ISA 2022 – Alnylam takes heart from full Apollo-B data

But it is still unclear how much of a threat Onpattro will be to Pfizer’s Vyndaqel.

When Alnylam toplined the long-awaited Apollo-B study of Onpattro as positive last month, investors hoped that full data would answer outstanding questions about the therapy’s prospects in amyloidosis cardiomyopathy.

However, things still look pretty murky. Bears will point to an apparently less impressive effect on six-minute walk test (6MWT) than the incumbent, Pfizer’s Vyndaqel. Alnylam bulls will note that big differences between the trials of the respective agents make them almost impossible to compare.

Clinically meaningful?

At the International Symposium on Amyloidosis today, Alnylam said Onpattro had shown a 14.7m improvement over placebo on 6MWT.

Whether this is clinically meaningful is the big question. It also falls short of the 30m delta between Vyndaqel and placebo in that drug’s pivotal trial, Attr-act.

Still, things have changed a lot since the Attr-act study – not least Vyndaqel’s approval. Around 25% of patients in Apollo-B were on the Pfizer drug, and the Alnylam trial also excluded the sickest patients. All this could help explain the lower overall decline in 6MWT in Apollo-B versus Attr-act.

Cross-trial comparison in ATTR amyloidosis with cardiomyopathy
Project (company) Trial 6MWT at 12 mth (change from baseline, in months)
    Treatment Placebo
Onpattro (Alnylam) Apollo-B -8 -21
Vyndaqel (Pfizer) Attr-act -25 -56
Acoramidis (Bridgebio) Attribute-CM -9 -7
Source: company releases.

Some of the confusion could have been cleared up if Alnylam had disclosed Onpattro’s performance versus Vyndaqel alone in Apollo-B – something the company did not do.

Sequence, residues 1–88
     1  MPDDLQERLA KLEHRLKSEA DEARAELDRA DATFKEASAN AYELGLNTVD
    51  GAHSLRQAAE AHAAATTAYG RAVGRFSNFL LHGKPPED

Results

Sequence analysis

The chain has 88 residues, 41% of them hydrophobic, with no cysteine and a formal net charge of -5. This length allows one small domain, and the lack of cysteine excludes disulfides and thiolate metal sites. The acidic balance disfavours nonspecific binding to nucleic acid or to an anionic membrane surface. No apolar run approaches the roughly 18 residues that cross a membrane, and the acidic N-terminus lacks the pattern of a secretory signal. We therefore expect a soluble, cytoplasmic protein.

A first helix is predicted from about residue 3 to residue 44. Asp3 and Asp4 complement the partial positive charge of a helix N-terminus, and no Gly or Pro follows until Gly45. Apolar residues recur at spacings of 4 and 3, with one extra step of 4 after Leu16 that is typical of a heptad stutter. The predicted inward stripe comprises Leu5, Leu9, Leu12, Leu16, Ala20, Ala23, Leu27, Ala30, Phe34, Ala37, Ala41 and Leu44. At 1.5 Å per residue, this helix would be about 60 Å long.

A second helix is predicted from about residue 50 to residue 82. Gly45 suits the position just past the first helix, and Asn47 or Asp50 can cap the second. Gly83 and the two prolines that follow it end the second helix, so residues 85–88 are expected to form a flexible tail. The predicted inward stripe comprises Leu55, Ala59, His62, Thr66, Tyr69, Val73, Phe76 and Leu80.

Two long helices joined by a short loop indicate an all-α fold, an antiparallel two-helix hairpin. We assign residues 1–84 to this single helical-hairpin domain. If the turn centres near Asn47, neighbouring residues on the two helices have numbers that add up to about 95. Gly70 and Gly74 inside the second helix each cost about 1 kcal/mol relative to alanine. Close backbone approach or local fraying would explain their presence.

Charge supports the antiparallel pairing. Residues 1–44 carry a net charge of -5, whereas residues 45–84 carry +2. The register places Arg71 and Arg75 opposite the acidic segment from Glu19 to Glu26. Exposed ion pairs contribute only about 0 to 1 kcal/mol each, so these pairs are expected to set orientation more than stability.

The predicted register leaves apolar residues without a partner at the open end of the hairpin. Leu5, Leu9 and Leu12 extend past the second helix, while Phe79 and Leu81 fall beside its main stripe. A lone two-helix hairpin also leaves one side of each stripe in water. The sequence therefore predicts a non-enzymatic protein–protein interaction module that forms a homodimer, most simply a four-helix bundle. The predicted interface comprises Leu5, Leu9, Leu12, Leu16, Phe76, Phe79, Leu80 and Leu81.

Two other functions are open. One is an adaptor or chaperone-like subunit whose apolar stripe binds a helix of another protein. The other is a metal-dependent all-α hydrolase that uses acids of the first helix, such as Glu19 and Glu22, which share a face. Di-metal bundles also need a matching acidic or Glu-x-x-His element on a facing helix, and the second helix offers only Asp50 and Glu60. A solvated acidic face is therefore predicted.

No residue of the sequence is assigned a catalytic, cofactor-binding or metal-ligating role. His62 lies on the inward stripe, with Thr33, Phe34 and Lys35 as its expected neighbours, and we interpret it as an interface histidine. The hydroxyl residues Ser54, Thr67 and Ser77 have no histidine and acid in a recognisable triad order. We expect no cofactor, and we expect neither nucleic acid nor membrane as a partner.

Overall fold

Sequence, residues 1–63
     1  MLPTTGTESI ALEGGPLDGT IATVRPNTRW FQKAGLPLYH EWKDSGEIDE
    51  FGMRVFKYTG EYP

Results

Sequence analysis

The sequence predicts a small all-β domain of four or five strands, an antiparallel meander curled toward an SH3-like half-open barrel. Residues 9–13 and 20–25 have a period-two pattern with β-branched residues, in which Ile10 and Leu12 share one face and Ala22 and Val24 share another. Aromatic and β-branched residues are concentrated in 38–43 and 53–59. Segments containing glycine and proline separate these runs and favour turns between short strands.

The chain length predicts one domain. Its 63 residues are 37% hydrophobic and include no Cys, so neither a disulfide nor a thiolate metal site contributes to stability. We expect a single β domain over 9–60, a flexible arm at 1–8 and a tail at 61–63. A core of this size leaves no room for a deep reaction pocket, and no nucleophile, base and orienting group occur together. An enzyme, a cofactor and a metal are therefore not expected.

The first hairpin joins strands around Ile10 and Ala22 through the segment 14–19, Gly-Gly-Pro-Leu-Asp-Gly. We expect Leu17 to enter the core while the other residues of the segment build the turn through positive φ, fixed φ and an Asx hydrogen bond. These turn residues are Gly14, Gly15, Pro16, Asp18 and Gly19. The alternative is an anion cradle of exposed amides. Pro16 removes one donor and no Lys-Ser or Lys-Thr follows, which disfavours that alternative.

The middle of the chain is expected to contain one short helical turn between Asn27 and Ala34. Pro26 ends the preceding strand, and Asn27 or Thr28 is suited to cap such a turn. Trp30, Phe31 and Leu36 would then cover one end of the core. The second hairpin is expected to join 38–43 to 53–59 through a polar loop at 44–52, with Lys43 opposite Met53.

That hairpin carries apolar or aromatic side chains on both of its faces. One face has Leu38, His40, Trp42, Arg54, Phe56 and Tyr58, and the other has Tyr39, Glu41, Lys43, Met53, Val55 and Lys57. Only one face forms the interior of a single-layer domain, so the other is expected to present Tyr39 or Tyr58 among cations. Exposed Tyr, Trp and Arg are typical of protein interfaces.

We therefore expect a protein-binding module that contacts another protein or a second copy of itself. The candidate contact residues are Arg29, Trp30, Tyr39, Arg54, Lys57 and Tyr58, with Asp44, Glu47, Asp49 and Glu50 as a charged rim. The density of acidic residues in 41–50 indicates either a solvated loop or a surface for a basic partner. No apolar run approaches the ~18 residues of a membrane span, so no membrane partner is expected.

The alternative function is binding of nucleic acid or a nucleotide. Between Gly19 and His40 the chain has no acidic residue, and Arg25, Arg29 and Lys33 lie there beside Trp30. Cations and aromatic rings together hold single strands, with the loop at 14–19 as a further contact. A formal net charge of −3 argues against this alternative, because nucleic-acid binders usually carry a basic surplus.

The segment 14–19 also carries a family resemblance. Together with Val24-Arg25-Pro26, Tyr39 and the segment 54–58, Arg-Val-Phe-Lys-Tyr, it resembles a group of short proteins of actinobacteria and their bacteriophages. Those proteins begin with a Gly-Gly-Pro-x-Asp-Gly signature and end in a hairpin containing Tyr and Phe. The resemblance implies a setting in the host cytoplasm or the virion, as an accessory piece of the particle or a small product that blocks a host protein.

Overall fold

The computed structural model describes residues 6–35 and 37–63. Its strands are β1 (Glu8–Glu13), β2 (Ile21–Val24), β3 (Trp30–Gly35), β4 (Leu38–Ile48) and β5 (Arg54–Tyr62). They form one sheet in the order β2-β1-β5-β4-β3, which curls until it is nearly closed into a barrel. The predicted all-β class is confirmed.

Results from a subgroup analysis looking at patients receiving/not receiving Vyndaqel are due at the Heart Failure Society of America meeting next month, along with a subgroup analysis of wild-type versus hereditary patients, Alnylam execs said during a conference call today.

Another black mark against Onpattro is that, as previously disclosed, it did not show an impact on a composite of all-cause death, cardiovascular events and change from baseline in 6MWT – whereas Pfizer’s drug has been shown to reduce hospitalisations and deaths.

Alnylam’s president, Akshay Vaishnaw, insisted that Apollo-B had never been powered to show such a difference. “This study was, from the off, designed in conjunction with the FDA, and they guided us that the quickest way to get approval was to do a 6MWT,” he told Evaluate Vantage.

Curves crossing

However, an analysis of all-cause hospitalisations, urgent heart failure visits and deaths rang alarm bells, showing that, intially, patients did numerically better on placebo than on Onpattro. 

Source: Company presentation

Company execs said this was likely a "chance finding", although they conceded that there had been a "small number of hospitalisations in the Onpattro arm, the majority of which were related to heart failure".

Alnylam seemed more keen to talk about mortality numbers. Using an efficacy analysis, which excluded Covid deaths and treated heart transplants as deaths, there were 10 events in the placebo group and four in the Onpattro cohort.

Alnylam gave a hazard ratio of 0.35, but the 95% confidence interval was wide and crossed 1.0 at the upper bound, so this apparent reduction should be treated with caution.

Pricing question

Overall, Mr Vaishnaw believes that there will be a place for Onpattro in cardiomyopathy. “There is a large number of patients that don't have access to [Vyndaqel], as well as those that have access but aren’t doing well, for whatever reason.”

One issue with Vyndaqel is its high cost of $225,000 per year. Mr Vaishnaw would not say how Alnylam would price Onpattro if it got the nod in cardiomyopathy. In the rarer amyloidosis with polyneuropathy, for which it is already approved, Onpattro costs around $450,000 per year.

Ultimately, Onpattro might merely be a stopgap in cardiomyopathy; the group believes that it will eventually be eclipsed by its longer-acting follow-on, Amvuttra, which is due to yield data from the Helios-B trial in early 2024.

Still, the performance of Onpattro, if it reaches the market, could give an indication of Amvuttra’s prospects – and Alnylam’s chances of hitting its goal of reaching profitability by 2025.

This is an updated version of an earlier story.

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